Brian Harman last year became the 20th first-time winner of the 44-year-old John Deere Classic, defeating Zach Johnson by one stroke. It won’t be long now until the 5-foot 7-inch, 150-pound lefthander from Georgia returns to defend his title, July 6-12, at TPC Deere Run.
Harman will be joined by other past champions who are both well-known and much-beloved in the Quad Cities: among them, Johnson, the 2012 champion; Steve Stricker, who three-peated from 2009-11, and reigning Masters and U.S. Open champion Jordan Spieth, who won his first PGA TOUR event here in 2013.
“We always look forward to welcoming back our defending champions, but the first-time winners are in a special category,” said John Deere Classic tournament director Clair Peterson. “Winning your first PGA TOUR event is a monumental right-of-passage for every professional golfer. When they win here, they get into the Open Championship, qualify for the following year’s Masters, usually get into the PGA Championship. Most importantly from a career standpoint, they earn the right to play almost any PGA TOUR event they choose for the next two years. It’s a big deal in many ways – not to mention the first-place check.”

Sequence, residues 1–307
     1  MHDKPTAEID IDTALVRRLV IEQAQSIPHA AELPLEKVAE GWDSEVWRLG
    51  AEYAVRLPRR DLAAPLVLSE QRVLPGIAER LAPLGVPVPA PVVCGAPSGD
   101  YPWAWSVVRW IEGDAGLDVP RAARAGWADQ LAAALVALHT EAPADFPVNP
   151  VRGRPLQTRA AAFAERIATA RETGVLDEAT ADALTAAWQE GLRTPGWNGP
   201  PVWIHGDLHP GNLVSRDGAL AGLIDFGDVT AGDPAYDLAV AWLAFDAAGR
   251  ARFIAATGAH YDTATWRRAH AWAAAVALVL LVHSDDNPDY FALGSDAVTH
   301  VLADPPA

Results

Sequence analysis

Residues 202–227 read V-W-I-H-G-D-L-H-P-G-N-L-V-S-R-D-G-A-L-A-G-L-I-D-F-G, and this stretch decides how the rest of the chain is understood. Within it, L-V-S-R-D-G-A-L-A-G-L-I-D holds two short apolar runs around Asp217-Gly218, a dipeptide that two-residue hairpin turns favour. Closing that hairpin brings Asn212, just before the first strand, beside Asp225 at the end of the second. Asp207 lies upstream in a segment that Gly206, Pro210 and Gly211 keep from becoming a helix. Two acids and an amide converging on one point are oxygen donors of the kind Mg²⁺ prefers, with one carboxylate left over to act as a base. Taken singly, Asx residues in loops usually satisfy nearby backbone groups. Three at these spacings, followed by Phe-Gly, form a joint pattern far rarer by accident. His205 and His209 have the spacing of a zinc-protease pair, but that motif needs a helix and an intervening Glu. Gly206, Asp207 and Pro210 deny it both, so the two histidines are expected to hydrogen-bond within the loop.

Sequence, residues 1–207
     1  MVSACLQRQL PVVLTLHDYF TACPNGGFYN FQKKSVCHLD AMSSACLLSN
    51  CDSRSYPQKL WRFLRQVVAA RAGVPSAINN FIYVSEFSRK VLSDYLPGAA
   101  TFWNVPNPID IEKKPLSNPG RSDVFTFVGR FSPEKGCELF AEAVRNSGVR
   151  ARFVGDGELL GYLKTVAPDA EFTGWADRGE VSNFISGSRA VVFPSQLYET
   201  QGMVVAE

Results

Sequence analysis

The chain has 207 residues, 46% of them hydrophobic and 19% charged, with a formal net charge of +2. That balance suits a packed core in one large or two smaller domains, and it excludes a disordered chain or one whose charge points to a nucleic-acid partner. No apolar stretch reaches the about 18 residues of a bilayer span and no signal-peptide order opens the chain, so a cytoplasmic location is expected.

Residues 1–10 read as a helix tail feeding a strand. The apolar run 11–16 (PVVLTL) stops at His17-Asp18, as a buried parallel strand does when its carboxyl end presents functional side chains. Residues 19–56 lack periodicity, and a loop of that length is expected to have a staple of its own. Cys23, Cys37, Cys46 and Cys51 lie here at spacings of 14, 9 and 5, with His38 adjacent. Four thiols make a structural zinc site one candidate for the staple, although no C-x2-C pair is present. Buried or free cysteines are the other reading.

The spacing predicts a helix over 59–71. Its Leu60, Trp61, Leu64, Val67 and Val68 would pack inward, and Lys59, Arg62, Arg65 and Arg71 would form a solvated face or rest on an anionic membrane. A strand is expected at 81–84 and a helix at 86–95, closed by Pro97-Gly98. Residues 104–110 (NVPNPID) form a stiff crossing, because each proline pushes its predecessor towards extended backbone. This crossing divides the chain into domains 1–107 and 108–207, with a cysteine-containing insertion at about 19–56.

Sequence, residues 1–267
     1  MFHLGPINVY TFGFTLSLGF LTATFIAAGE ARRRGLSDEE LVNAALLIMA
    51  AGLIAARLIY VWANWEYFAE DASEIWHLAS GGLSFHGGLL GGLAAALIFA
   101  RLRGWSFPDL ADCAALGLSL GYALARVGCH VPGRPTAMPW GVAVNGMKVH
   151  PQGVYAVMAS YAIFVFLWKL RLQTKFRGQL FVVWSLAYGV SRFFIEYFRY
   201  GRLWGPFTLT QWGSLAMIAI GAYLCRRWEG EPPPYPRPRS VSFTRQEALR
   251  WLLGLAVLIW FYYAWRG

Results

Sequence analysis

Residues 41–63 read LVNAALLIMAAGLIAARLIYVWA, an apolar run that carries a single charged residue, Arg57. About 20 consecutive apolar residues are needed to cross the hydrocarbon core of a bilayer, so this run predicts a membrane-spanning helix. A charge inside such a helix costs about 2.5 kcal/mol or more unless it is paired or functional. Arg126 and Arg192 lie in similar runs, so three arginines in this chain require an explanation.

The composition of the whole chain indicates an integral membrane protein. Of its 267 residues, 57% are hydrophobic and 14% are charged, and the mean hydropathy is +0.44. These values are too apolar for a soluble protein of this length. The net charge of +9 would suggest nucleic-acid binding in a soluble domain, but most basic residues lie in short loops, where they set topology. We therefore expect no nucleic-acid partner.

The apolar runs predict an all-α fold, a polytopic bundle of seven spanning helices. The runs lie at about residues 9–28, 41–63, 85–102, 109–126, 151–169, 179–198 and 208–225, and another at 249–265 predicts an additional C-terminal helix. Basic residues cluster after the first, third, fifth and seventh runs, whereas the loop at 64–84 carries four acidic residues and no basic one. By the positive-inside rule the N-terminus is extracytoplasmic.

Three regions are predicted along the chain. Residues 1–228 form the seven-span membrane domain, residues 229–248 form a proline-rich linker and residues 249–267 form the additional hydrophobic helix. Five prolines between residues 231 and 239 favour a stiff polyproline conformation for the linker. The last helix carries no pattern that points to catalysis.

One of those past champs who will be back is 2005 John Deere Classic winner Sean O’Hair, who won Rookie of the Year honors in ’05 thanks to his victory. O’Hair, now 32, recently lost to Spieth in a playoff at the Valspar Championship and posted three top-20 finishes since then.
With his victory last year, Harman earned the final spot in the Open Championship, where he finished a respectable T-26 at Royal Lytham & St. Anne’s, and later in the summer finished T-40 at the PGA Championship.
This year, he has bookended a handful of top 25 finishes around a series of five straight missed cuts, including at the Masters in his home state. Recently, he seems to have found his game, finishing T-8 at The Players and T-10 at Colonial’s Crowne Plaza Invitational.
Harman’s pedigree goes back to his youth in Savannah. He won the U.S. Junior Amateur in 2003 and was a member of two victorious Walker Cup teams in 2005, at age 18, and 2009. As a Bulldog, he was a three-time Second Team All American. After turning pro in 2009, he played two years on the eGolf Tour, where he recorded one victory and seven top-three finishes before earning a spot on the PGA TOUR by graduating from PGA TOUR qualifying school.